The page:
This chapter examines the use of cost-benefit analysis (CBA), which compares the total costs of a program with the benefits it produces, in several contexts: charity evaluation services; a foundation's internal decision making; pay-for-success, or result-based finance, programs, in which an organization is paid for achieving agreed-upon outcomes; and a foundation's consideration of strategies that have a low probability of success.

7 Preparing to Open for Business
chapter abstract

Chapter 7 begins with framework to assist donors in choosing approaches that fit their needs and values in solving social problems and determining a focus for their philanthropy.

8 Inviting Proposals and Conducting Due Diligence
chapter abstract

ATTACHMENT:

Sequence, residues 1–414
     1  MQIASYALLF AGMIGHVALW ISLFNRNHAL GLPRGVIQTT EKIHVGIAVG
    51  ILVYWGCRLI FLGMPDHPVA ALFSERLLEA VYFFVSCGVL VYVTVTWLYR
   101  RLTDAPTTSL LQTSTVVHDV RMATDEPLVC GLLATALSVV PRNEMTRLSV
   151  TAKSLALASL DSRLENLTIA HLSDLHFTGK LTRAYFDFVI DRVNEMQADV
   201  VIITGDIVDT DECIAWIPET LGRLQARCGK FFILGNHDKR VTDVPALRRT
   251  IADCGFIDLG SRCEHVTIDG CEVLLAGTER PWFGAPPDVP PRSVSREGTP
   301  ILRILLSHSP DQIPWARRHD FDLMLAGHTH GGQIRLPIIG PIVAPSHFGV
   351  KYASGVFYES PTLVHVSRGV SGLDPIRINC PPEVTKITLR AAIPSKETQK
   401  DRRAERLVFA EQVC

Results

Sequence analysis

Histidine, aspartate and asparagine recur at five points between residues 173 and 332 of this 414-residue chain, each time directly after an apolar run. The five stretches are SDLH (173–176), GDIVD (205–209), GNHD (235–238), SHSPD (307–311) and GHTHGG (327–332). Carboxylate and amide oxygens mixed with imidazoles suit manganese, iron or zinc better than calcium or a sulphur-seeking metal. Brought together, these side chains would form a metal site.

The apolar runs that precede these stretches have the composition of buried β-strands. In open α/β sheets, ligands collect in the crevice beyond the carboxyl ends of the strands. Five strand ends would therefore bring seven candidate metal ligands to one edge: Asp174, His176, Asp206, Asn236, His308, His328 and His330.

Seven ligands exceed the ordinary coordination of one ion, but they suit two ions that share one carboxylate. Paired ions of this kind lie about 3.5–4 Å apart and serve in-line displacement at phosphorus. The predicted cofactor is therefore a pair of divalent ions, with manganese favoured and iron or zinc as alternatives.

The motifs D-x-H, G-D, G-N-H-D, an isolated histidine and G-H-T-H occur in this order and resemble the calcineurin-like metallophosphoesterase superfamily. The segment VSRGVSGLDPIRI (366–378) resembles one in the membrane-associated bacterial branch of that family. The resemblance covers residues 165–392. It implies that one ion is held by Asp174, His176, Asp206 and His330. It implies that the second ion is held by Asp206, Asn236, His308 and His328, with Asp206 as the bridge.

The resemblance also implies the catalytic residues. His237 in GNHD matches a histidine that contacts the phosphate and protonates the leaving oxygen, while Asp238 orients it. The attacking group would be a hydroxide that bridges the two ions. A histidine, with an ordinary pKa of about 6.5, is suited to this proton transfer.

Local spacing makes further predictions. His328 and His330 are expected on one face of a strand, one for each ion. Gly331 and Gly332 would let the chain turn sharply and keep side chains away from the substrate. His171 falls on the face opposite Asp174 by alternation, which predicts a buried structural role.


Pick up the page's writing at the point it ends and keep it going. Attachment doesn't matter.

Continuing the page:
The chapter focuses on funders' communications and other interactions with potential grantees, beginning with the funder's making its goals and strategies known in advance, and continuing with inviting letters of inquiry and undertaking due diligence, key aspects of which are reviewing applicants' theories of change and proposed action plans. The chapter also discusses the importance of listening, not only to grantees, but to the voices of one's intended beneficiaries.

9 Forms of Philanthropic Engagement and Funding
chapter abstract

Philanthropists can be more or less active in their engagement with grantees, and can fund grants on a spectrum that runs from providing unrestricted general operating support to an organization, to funding specific projects. This chapter proposes criteria for determining the form of support, and argues for a strong presumption favoring general operating support when the funder's interests and the organization's activities are well aligned. The chapter also argues that funders should pay full indirect costs.

10 Impact Investing and Mission Investments
chapter abstract